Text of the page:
The purpose of an estate plan is to protect yourself and your family in case of an accident, sickness or death. An estate plan allows you to determine what to do with your assets if something happens to you.
While the initial creation of an estate plan is essential, you do have to reexamine your plan regularly. Once you create your estate plan, you need to reevaluate it regularly.
After the birth of children
Welcoming a new child into your family should always trigger a reevaluation of your current estate plan. Estate plans should include possible guardianship plans if something happens to you while your children are still minors. If you have adult children and grandchildren, consider how you want your grandchildren to fit into your will or trust.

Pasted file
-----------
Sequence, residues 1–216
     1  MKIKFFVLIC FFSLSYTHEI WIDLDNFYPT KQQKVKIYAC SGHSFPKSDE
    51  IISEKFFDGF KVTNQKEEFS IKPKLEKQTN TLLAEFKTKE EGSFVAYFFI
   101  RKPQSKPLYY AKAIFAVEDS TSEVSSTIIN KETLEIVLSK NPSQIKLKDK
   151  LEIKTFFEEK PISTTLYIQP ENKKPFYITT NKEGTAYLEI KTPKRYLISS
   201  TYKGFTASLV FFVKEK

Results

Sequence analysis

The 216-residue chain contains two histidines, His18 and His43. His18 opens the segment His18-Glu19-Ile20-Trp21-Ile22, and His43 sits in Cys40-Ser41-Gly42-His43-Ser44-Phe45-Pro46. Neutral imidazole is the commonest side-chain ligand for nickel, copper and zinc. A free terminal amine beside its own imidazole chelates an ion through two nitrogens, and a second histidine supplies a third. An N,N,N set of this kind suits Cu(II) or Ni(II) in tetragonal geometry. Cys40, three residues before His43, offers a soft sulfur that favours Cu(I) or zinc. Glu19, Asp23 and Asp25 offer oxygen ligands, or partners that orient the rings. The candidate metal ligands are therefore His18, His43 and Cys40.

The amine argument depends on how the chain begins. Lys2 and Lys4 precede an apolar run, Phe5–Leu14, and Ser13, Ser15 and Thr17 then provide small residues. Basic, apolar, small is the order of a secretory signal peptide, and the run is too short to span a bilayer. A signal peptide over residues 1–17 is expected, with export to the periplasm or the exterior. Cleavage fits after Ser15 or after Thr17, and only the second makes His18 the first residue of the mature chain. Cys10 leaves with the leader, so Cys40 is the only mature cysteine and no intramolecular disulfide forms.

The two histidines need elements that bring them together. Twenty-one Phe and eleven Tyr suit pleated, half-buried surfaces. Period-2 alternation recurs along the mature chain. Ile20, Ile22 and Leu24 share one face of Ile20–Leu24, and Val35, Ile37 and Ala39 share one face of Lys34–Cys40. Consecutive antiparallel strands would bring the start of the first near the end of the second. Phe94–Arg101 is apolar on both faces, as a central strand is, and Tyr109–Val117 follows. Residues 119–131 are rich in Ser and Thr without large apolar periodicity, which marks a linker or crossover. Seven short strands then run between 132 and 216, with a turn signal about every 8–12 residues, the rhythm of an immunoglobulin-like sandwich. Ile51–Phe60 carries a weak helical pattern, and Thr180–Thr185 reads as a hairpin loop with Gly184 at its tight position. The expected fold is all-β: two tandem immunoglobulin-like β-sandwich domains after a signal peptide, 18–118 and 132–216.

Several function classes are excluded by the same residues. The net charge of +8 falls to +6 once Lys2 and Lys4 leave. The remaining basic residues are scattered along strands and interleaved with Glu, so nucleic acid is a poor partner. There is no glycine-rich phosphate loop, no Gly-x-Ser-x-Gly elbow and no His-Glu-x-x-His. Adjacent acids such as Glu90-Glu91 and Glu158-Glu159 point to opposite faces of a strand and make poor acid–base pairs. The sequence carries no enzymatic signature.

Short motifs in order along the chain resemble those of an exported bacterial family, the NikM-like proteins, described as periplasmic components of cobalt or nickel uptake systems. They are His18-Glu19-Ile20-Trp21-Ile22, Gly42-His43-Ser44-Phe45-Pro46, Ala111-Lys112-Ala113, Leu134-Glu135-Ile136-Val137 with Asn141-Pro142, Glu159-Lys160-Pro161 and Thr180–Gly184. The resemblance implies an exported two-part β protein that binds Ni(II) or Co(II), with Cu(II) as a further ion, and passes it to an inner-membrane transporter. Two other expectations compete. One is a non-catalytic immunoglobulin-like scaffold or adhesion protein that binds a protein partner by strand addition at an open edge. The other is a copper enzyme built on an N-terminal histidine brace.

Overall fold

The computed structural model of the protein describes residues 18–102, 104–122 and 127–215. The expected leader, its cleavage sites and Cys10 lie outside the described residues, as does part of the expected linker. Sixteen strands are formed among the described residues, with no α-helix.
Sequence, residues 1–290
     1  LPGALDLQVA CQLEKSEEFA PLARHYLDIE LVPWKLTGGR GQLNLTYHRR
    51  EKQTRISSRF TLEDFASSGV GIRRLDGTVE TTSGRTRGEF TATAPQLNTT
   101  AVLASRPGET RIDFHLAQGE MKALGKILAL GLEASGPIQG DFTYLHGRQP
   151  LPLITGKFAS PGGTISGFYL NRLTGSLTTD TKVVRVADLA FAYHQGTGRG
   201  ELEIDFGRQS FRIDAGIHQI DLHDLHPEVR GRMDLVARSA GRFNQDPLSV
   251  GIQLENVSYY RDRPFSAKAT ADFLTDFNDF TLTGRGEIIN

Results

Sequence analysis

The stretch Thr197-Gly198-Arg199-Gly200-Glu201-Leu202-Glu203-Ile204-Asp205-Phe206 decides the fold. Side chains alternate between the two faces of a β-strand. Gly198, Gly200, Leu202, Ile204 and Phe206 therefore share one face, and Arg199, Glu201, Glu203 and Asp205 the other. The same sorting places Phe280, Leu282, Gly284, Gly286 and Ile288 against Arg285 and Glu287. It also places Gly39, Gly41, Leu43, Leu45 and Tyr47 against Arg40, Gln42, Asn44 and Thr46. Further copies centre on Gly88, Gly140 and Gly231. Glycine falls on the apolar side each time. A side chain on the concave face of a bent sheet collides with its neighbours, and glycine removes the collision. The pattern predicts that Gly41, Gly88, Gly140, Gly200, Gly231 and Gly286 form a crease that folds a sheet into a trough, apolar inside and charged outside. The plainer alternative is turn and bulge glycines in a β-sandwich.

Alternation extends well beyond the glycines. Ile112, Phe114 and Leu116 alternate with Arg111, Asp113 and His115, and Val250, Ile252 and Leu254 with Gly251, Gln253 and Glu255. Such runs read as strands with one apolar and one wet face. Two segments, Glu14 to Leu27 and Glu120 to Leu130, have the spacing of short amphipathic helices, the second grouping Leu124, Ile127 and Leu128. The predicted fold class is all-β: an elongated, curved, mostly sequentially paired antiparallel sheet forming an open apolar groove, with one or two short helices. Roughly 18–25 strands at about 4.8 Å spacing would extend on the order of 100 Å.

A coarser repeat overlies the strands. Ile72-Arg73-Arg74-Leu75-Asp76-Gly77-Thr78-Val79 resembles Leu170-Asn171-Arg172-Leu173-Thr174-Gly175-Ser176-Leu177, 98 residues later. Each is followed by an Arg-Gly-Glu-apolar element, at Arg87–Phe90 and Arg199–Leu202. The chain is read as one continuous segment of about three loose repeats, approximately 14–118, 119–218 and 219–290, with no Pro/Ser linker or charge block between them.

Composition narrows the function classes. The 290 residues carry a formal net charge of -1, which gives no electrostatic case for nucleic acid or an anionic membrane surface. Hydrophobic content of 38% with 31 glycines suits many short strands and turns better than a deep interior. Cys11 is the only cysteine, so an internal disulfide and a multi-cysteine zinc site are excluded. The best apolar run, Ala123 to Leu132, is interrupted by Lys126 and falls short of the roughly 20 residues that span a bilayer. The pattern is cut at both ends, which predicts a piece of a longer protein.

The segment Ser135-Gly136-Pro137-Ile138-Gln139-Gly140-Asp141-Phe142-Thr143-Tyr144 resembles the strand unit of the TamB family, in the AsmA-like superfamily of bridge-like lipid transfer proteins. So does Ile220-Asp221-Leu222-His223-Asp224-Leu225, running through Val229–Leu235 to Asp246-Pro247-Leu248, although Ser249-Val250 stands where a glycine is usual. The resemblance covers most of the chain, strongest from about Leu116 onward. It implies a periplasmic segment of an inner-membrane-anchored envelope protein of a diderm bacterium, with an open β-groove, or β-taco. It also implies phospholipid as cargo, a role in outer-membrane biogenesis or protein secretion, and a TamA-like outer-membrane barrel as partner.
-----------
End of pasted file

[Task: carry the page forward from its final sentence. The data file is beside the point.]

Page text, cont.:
Following marriages and divorces
What happens to your spouse if something happens to you? Your estate plan should outline what you want to leave to your spouse, particularly if you have property that the two of you do not share. Likewise, if you divorce, you may not want your former spouse to have access to your assets. For example, if you divorce and remarry without changing the estate plan, there may be fighting between your ex and current spouse.
During major life changes
Any time you experience a major life change, you should consider how it might impact your overall estate plan. For instance, if you inherit a large sum of money, change jobs or purchase a house, you must make alterations within your will or trust.
Try to update your estate plan at least once every three to five years.